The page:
1. Pretcher spends 2000USD in meat and spices to prepare raw hamburgers. He is certified as a non-final consumer.
2. Pretcher sells his raw burgers to McBurgers for 3000USD.
3. McBurgers sells the now cooked burgers for 5000USD to hungry customers.
If the government charges a VAT=7%, the calculations are the following:
i. Pretcher spends 2140USD (2000+(2000×7%)) for the ingredients, and the seller of the meat pays the government 140USD.
ii. Pretcher charges McBurgers 3210USD (3000+(3000×7%)) and pays the government 70USD (210 minus 140), getting the same margin of 1000USD (321 –70–2140).
iii. McBurgers charges the final consumer a total of 5350USD (5000+(5000×7%)) and pays the government 140 (350 minus 210), leaving the same gross margin of 2000USD (5350–140–3210).
If there was no tax, Pretcher would make a profit of 1000/2000=50% and McBurgers (5000-3000)/3000=66.6%. With taxes their respective profits are 1000/2140=46.7% and 2000/3210=62.3%, lower in percentage.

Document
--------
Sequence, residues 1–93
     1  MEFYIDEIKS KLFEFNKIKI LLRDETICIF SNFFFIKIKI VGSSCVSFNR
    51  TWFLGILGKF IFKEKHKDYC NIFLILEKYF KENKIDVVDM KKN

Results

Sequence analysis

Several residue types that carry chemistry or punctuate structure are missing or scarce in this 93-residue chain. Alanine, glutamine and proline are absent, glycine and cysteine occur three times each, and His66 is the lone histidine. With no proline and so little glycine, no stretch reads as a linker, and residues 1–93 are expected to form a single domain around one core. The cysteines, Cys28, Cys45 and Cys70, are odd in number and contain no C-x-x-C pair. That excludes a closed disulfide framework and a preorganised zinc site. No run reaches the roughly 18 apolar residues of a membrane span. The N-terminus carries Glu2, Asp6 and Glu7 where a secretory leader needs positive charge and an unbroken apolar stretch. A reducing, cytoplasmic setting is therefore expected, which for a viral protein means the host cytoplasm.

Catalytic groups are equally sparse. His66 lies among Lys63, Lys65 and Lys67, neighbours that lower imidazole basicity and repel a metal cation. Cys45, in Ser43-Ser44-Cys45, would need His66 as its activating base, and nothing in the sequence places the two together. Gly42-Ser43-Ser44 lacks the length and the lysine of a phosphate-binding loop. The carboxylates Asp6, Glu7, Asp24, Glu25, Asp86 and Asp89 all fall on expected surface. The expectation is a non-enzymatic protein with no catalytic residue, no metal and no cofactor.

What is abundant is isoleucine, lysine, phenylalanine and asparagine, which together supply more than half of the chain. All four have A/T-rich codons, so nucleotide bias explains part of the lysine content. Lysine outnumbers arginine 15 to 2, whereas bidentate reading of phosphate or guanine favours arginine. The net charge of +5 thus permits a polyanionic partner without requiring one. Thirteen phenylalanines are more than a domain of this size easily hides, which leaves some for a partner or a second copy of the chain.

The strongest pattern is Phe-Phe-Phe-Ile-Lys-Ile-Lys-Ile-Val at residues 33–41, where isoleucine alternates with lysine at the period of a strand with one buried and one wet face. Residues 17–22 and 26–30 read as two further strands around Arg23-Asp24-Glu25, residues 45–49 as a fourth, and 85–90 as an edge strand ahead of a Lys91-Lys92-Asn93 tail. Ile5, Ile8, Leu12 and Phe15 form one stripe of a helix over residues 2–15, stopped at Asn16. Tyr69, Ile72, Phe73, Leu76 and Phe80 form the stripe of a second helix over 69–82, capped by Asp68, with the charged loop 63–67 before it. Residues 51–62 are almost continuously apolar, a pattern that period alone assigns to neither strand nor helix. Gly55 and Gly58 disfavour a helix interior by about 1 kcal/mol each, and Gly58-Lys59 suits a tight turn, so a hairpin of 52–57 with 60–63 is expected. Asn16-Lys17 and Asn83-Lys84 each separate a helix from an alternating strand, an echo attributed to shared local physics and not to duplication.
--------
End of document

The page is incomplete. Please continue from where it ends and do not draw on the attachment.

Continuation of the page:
The government receives 140+70+140=350USD.
If instead of VAT, we use Sales Tax, the calculations are much simpler, because only the final customer, the burger eater will have to pay, 350USD, that will go entirely to the government.
The use os VAT is more complicated and remove resources to comply with the tax filling. Besides, it might create an illegal net of false invoices. The only advantage is that under sales tax, nobody has any incentive to pay or collect the tax. Under VAT, an intermediate purchaser has an incentive to deduct input VAT.
Of course, we prefer a Sales Tax system for its clarity and efficiency.